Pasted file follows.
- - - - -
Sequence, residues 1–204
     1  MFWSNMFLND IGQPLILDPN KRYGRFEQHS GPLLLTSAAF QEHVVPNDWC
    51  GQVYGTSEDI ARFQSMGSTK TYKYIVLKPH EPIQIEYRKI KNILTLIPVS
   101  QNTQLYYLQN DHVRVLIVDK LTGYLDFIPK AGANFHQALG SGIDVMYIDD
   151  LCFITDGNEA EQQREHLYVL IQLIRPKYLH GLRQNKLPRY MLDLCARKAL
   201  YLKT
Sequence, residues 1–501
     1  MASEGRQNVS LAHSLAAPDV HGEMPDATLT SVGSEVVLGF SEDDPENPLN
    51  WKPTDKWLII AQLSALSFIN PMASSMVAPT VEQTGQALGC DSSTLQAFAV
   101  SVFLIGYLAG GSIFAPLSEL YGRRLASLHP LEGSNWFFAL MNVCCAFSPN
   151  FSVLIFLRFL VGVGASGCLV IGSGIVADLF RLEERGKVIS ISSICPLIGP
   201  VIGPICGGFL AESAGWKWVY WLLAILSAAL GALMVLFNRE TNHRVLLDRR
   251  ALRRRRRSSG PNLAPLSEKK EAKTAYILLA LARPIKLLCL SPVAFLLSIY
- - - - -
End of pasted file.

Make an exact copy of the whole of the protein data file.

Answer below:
Sequence, residues 1–204
     1  MFWSNMFLND IGQPLILDPN KRYGRFEQHS GPLLLTSAAF QEHVVPNDWC
    51  GQVYGTSEDI ARFQSMGSTK TYKYIVLKPH EPIQIEYRKI KNILTLIPVS
   101  QNTQLYYLQN DHVRVLIVDK LTGYLDFIPK AGANFHQALG SGIDVMYIDD
   151  LCFITDGNEA EQQREHLYVL IQLIRPKYLH GLRQNKLPRY MLDLCARKAL
   201  YLKT
Sequence, residues 1–501
     1  MASEGRQNVS LAHSLAAPDV HGEMPDATLT SVGSEVVLGF SEDDPENPLN
    51  WKPTDKWLII AQLSALSFIN PMASSMVAPT VEQTGQALGC DSSTLQAFAV
   101  SVFLIGYLAG GSIFAPLSEL YGRRLASLHP LEGSNWFFAL MNVCCAFSPN
   151  FSVLIFLRFL VGVGASGCLV IGSGIVADLF RLEERGKVIS ISSICPLIGP
   201  VIGPICGGFL AESAGWKWVY WLLAILSAAL GALMVLFNRE TNHRVLLDRR
   251  ALRRRRRSSG PNLAPLSEKK EAKTAYILLA LARPIKLLCL SPVAFLLSIY